Narrative of the Life of Frederick Douglass (The Autobiographies #1) by Frederick Douglass. Autobiography of Frederick Douglass. 
 
African American Women in the Struggle for the Vote, 1850-1920
by Rosalyn Terborg-Penn: Drawing from original documents, Rosalyn Terborg-Penn constructs a comprehensive portrait of the African American women who fought for the right to vote. She analyzes the women's own stories of why they joined and how they participated in the U.S. women's suffrage movement. Not all African American women suffragists were from elite circles. Terborg-Penn finds working-class and professional women from across the nation participating in the movement. Some employed radical, others conservative means to gain the right to vote. But Black women were unified in working to use the ballot to improve both their own status and the lives of Black people in their communities.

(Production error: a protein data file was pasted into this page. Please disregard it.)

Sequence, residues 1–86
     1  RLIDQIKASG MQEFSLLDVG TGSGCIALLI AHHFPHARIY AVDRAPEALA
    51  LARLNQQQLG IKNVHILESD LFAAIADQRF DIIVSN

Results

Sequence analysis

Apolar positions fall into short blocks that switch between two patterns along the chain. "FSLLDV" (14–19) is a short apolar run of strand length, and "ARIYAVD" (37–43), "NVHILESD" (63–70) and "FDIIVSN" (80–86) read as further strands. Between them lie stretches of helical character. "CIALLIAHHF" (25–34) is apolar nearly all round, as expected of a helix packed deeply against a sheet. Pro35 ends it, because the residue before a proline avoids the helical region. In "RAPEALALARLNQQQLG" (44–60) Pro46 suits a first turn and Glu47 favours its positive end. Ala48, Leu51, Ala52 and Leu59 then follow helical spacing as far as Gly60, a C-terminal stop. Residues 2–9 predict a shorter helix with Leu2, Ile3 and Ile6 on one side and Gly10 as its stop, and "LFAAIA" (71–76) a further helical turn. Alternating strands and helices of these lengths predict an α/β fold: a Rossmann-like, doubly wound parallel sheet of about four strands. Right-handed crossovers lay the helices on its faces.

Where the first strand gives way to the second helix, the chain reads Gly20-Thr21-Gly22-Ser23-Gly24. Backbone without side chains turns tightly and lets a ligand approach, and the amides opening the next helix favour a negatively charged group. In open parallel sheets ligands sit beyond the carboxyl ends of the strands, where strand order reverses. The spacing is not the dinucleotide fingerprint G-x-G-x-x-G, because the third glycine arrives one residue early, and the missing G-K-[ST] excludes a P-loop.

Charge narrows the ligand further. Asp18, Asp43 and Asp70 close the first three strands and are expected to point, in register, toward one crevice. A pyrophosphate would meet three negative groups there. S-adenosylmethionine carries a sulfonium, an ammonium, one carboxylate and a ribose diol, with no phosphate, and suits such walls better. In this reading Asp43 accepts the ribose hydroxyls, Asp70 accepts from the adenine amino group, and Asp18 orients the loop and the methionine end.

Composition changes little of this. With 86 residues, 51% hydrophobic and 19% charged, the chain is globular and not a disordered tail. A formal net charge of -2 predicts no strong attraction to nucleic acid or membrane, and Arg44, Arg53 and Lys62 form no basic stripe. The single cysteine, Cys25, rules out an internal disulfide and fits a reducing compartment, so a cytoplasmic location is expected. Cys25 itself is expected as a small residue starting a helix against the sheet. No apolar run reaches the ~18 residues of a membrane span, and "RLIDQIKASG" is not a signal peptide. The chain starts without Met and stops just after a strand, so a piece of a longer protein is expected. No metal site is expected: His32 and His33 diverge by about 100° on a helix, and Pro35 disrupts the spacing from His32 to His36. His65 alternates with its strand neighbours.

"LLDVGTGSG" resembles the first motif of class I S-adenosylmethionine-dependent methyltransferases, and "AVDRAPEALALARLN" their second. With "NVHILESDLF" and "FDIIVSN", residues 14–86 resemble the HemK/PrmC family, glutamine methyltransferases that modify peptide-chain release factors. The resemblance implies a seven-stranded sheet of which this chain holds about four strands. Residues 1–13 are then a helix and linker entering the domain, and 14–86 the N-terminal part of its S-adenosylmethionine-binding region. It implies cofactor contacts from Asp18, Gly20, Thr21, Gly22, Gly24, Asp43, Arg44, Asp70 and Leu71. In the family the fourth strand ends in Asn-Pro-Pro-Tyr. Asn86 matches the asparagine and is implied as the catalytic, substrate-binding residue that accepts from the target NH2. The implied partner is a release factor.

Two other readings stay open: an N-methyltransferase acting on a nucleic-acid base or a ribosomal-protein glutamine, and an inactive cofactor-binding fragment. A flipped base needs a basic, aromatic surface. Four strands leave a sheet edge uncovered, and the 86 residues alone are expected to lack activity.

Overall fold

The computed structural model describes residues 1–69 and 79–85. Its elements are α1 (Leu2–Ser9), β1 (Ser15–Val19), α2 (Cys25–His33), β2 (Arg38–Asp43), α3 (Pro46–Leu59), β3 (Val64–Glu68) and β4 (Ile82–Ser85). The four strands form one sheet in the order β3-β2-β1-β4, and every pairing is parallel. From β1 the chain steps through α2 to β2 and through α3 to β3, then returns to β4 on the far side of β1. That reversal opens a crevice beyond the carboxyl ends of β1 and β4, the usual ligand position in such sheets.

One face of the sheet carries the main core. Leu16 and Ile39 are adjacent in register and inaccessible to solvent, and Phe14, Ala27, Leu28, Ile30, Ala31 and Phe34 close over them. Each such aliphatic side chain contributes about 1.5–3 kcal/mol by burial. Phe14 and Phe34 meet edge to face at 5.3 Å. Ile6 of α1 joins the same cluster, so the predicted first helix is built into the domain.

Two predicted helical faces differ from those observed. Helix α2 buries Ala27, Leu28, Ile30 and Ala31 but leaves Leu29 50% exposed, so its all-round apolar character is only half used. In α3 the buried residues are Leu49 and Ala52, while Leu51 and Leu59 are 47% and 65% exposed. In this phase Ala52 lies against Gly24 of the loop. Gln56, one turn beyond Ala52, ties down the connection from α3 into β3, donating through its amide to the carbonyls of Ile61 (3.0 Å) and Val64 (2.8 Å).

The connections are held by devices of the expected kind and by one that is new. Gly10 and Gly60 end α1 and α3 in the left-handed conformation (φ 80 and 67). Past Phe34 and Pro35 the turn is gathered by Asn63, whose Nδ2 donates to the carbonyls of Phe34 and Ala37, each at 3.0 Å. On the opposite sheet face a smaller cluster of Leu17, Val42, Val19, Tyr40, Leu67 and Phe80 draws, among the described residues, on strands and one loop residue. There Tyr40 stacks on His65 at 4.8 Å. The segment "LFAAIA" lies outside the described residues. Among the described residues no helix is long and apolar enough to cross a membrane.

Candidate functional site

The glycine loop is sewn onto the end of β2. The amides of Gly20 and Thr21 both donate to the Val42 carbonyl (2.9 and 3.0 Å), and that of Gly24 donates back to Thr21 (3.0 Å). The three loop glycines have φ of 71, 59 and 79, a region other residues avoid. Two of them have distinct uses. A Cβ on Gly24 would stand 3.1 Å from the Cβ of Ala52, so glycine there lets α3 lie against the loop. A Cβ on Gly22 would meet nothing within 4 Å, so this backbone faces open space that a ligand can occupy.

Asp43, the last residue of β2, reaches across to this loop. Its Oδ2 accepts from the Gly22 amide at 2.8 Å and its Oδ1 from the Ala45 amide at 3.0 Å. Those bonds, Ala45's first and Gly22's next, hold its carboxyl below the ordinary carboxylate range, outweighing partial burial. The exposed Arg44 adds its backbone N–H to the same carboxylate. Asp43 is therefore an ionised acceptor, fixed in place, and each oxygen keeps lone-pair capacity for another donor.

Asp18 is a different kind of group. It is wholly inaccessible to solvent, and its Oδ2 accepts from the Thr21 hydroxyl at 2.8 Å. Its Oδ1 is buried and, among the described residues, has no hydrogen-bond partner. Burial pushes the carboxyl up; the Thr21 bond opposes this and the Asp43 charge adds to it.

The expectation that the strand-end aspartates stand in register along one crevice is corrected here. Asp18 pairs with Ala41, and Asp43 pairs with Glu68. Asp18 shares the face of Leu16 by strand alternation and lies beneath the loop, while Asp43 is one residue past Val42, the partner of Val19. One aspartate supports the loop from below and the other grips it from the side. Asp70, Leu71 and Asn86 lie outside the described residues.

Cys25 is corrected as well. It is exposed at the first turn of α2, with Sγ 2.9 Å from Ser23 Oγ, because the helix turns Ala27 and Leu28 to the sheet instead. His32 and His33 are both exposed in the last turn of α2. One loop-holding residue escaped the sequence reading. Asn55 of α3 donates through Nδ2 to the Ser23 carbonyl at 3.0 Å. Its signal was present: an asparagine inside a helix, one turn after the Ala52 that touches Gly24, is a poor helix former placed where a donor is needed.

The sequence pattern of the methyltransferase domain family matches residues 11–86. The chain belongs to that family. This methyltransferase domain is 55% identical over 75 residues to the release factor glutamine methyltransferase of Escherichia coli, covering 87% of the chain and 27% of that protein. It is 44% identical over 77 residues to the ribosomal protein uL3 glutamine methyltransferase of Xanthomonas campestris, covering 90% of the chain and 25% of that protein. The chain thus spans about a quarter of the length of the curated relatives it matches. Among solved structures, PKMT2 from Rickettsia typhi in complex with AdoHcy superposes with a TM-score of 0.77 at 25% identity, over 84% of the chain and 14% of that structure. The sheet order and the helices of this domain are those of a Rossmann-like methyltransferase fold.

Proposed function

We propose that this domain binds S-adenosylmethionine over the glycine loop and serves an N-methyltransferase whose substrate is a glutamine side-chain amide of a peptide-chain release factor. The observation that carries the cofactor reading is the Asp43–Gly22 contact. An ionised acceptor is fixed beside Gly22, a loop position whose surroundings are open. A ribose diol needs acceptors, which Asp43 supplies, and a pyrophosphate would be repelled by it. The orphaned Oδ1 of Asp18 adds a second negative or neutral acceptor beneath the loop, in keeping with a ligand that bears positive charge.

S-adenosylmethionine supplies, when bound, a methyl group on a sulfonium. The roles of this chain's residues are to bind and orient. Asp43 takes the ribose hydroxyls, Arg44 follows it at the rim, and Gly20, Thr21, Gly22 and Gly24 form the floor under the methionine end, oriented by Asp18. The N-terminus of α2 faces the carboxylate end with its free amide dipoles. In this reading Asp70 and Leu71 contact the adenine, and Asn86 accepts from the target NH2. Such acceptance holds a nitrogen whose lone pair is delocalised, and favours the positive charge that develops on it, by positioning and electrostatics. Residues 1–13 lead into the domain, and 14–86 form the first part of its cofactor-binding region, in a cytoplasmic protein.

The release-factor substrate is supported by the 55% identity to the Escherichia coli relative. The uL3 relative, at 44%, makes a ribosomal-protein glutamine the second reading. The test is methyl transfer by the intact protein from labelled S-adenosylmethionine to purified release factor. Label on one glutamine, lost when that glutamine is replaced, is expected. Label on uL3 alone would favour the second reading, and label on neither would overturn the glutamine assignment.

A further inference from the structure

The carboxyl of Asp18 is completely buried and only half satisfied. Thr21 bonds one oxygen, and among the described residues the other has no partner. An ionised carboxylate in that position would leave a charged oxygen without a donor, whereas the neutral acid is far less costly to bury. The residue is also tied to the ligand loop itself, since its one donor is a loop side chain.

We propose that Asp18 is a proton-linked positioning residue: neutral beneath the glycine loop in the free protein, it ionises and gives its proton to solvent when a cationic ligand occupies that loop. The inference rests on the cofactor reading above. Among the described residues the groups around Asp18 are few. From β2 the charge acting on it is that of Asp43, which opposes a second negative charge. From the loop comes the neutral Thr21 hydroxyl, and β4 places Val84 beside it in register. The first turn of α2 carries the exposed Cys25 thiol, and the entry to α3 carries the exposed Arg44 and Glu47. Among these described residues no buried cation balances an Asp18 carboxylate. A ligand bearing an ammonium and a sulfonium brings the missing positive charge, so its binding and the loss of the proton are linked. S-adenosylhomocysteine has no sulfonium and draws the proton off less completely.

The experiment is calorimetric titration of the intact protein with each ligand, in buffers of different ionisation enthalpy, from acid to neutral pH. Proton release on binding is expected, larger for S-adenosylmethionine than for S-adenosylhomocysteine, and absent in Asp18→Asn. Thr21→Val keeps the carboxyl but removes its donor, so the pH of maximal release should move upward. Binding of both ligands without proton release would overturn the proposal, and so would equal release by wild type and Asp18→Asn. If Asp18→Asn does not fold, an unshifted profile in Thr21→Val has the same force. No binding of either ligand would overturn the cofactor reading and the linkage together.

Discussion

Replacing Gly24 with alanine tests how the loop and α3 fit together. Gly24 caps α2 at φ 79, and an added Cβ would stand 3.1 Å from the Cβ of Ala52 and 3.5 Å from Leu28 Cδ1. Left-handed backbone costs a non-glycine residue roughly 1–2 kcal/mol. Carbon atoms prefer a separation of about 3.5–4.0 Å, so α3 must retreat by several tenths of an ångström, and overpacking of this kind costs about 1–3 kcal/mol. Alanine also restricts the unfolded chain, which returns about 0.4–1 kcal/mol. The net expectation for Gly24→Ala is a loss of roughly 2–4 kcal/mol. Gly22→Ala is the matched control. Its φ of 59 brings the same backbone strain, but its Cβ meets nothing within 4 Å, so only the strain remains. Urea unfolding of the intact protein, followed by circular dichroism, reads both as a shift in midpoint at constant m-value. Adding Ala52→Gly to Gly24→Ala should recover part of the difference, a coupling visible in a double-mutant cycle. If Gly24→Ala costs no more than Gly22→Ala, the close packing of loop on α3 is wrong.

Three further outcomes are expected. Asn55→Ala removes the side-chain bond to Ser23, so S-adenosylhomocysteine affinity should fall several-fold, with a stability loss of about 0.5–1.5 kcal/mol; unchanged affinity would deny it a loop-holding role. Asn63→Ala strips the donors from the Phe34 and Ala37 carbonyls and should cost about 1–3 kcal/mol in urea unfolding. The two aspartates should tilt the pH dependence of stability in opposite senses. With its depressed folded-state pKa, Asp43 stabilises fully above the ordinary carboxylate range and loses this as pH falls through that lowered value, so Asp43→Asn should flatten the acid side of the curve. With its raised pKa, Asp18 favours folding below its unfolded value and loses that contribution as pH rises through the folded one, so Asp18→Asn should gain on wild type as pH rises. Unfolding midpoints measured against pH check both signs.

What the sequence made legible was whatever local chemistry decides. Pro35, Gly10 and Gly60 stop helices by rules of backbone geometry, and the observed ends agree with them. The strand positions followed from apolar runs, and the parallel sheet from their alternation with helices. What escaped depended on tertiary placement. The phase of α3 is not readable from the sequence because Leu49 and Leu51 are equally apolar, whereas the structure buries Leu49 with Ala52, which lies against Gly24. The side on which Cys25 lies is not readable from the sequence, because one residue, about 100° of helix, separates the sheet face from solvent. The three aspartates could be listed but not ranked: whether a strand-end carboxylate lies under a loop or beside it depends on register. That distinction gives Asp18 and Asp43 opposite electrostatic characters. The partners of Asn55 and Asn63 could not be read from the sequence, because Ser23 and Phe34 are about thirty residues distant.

Hidden Figures by Margot Lee Shetterly: The #1 New York Times Bestseller. Set amid the civil rights movement, the never-before-told true story of NASA’s African-American female mathematicians who played a crucial role in America’s space program. Before Neil Armstrong walked on the moon, a group of professionals worked as ‘Human Computers’, calculating the flight paths that would enable these historic achievements. Among these were a coterie of bright, talented African-American women. Segregated from their white counterparts, these ‘coloured computers’ used pencil and paper to write the equations that would launch rockets and astronauts, into space. Moving from World War II through NASA’s golden age, touching on the civil rights era, the Space Race, the Cold War and the women’s rights movement, ‘Hidden Figures’ interweaves a rich history of mankind’s greatest adventure with the intimate stories of five courageous women whose work forever changed the world.